Breaking the selectivity-uptake trade-off of photoimmunoconjugates with nanoliposomal irinotecan for synergistic multi-tier cancer targeting
JournalJournal of Nanobiotechnology
PublisherBioMed Central Ltd.
MetadataShow full item record
AbstractBackground: Photoimmunotherapy involves targeted delivery of photosensitizers via an antibody conjugate (i.e., photoimmunoconjugate, PIC) followed by light activation for selective tumor killing. The trade-off between PIC selectivity and PIC uptake is a major drawback limiting the efficacy of photoimmunotherapy. Despite ample evidence showing that photoimmunotherapy is most effective when combined with chemotherapy, the design of nanocarriers to co-deliver PICs and chemotherapy drugs remains an unmet need. To overcome these challenges, we developed a novel photoimmunoconjugate-nanoliposome (PIC-Nal) comprising of three clinically used agents: anti-epidermal growth factor receptor (anti-EGFR) monoclonal antibody cetuximab (Cet), benzoporphyrin derivative (BPD) photosensitizer, and irinotecan (IRI) chemotherapy. Results: The BPD photosensitizers were first tethered to Cet at a molar ratio of 6:1 using carbodiimide chemistry to form PICs. Conjugation of PICs onto nanoliposome irinotecan (Nal–IRI) was facilitated by copper-free click chemistry, which resulted in monodispersed PIC–Nal–IRI with an average size of 158.8 ± 15.6 nm. PIC–Nal–IRI is highly selective against EGFR-overexpressing epithelial ovarian cancer cells with 2- to 6-fold less accumulation in low EGFR expressing cells. Successful coupling of PIC onto Nal–IRI enhanced PIC uptake and photoimmunotherapy efficacy by up to 30% in OVCAR-5 cells. Furthermore, PIC–Nal–IRI synergistically reduced cancer viability via a unique three-way mechanism (i.e., EGFR downregulation, mitochondrial depolarization, and DNA damage). Conclusion: It is increasingly evident that the most effective therapies for cancer will involve combination treatments that target multiple non-overlapping pathways while minimizing side effects. Nanotechnology combined with photochemistry provides a unique opportunity to simultaneously deliver and activate multiple drugs that target all major regions of a cancer cell—plasma membrane, cytoplasm, and nucleus. PIC–Nal–IRI offers a promising strategy to overcome the selectivity-uptake trade-off, improve photoimmunotherapy efficacy, and enable multi-tier cancer targeting. Controllable drug compartmentalization, easy surface modification, and high clinical relevance collectively make PIC–Nal–IRI extremely valuable and merits further investigations in living animals. Copyright 2020 The Author(s).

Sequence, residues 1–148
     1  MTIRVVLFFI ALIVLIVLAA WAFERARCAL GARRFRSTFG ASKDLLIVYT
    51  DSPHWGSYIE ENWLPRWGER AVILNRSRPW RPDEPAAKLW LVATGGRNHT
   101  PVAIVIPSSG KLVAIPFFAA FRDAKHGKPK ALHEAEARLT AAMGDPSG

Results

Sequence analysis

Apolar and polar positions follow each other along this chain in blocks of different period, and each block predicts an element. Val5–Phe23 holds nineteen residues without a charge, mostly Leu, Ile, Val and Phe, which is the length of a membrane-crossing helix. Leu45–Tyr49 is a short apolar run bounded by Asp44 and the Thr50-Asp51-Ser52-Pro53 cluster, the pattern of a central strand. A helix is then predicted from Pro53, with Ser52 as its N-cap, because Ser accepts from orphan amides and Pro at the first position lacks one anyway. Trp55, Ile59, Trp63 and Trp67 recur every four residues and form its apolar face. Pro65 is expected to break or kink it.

Epidermal growth factor receptor
Irinotecan liposome injection
Identifier to cite or link to this itemhttps://www.scopus.com/inward/record.uri?eid=2-s2.0-85077377648&doi=10.1186%2fs12951-019-0560-5&partnerID=40&md5=6bdcb944fca58df1c11a067fcb070662; http://hdl.handle.net/10713/11627